The first lesson, which $100-a-day players with a serious profit motive can learn from the dolphins is that the goal is not grinding out a small ROI from routine $5, $10, and $20 bets. (Even though, as I pointed out last time, you should keep scrupulous records of bets no matter how small.)  The goal is to use routine bets to stay in the game and stay on top of your game, so that when the opportunity to score appears, you recognize it and pound it.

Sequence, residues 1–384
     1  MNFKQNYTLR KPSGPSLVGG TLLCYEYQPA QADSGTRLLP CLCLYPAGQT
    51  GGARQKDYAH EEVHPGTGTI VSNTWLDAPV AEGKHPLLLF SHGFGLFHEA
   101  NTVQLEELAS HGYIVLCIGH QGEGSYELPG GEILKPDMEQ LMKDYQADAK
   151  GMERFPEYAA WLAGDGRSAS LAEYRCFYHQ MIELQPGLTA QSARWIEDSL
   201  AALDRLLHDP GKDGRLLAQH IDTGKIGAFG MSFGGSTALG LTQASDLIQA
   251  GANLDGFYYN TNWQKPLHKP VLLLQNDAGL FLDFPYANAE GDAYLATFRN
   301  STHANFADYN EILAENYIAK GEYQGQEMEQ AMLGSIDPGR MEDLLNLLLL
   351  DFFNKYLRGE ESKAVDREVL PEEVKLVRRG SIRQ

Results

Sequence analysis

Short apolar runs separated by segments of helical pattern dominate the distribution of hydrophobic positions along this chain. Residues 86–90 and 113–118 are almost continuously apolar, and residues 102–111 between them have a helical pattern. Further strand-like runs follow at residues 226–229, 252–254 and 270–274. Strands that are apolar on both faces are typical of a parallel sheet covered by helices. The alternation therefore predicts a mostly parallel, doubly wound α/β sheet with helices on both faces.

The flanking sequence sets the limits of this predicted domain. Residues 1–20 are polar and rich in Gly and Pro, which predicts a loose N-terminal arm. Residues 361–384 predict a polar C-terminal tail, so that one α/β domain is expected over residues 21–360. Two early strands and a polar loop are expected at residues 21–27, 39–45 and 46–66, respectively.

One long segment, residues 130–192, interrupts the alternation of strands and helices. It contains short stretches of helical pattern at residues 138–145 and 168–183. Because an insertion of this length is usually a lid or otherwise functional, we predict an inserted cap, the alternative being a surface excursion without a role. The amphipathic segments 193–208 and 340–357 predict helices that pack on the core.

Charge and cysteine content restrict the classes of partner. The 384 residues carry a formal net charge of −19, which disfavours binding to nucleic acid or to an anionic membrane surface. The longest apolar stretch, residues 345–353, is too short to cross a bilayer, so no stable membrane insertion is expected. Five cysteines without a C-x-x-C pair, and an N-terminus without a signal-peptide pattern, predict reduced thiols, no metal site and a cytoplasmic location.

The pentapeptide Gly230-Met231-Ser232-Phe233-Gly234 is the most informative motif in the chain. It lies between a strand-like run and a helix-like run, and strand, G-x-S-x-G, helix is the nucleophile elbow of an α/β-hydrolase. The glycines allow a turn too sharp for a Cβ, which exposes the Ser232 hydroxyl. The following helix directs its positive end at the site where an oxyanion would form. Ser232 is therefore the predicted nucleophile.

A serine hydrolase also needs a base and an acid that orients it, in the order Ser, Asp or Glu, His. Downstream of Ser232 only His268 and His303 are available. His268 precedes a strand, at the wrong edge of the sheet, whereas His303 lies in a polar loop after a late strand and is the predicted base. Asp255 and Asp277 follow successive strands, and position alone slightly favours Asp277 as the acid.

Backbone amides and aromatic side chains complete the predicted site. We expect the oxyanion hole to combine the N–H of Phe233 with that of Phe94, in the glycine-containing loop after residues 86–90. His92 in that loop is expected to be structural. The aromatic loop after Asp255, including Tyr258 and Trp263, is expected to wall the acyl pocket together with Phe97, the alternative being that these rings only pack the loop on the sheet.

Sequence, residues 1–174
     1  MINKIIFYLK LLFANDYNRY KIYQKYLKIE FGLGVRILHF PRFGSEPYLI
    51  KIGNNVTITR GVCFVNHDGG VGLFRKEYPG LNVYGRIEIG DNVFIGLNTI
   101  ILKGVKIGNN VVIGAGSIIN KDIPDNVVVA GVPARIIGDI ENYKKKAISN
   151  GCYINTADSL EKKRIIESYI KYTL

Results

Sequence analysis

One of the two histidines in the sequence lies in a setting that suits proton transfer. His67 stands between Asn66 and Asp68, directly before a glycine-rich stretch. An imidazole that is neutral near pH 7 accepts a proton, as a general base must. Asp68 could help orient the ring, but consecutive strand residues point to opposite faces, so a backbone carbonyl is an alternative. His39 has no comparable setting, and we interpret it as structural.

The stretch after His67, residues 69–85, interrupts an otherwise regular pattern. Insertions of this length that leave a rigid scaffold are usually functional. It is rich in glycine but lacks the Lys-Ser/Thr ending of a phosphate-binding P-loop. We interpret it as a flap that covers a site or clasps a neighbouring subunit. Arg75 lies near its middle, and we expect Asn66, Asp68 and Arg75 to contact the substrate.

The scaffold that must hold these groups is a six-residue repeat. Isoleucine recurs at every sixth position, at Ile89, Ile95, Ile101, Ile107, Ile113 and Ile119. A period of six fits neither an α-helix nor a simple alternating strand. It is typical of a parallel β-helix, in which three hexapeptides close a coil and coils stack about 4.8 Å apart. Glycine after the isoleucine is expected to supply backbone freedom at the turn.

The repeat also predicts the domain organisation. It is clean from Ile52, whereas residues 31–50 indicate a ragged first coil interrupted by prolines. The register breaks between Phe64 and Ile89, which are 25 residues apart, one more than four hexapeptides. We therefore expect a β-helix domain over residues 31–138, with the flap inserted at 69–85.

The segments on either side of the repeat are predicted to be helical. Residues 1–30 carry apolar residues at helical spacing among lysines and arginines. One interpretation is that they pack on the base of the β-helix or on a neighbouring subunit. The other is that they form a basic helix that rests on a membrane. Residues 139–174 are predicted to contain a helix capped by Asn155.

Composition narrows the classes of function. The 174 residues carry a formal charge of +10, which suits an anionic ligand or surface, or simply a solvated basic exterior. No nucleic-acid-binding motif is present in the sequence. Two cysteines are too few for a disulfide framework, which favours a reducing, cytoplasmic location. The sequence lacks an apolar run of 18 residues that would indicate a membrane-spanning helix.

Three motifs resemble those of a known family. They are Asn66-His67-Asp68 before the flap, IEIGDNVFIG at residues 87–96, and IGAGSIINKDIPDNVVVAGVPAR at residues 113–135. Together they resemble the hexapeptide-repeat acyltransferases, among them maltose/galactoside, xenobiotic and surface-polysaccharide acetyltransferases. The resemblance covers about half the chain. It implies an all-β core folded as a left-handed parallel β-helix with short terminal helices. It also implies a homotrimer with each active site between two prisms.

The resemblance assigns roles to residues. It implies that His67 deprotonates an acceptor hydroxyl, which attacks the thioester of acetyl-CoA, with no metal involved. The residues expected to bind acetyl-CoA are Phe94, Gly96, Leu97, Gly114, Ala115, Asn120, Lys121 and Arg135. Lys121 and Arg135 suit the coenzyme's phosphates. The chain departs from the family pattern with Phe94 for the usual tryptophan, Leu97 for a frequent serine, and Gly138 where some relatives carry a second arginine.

The second lesson is the hardest of all:  to realize that the big scores that you shoot for with a limited daily bankroll(for the vast majority of handicappers bankroll really means percent-of-pocket) must be in proportion to your betting power.  If you are a $100-a-day bettor, and your normal condition is to go home lighter (which is normal, and Ill talk about that explicitly next time), then a $350 score every now and then should keep you welland a more rare $600 or $700 score should put you in tall cotton.  These types of figures are far more realistic than trying to swing for the fences with propositions like Pick-Sixes, where vast numbers of small fish tend to be swallowed by the whales.  If you want to build toward Dolphin-level play, the trick is not to do windmill-pirouettes like Mark McGuire and Sammy Sosa, but to choke up on the bat and become a solid, placement hitter.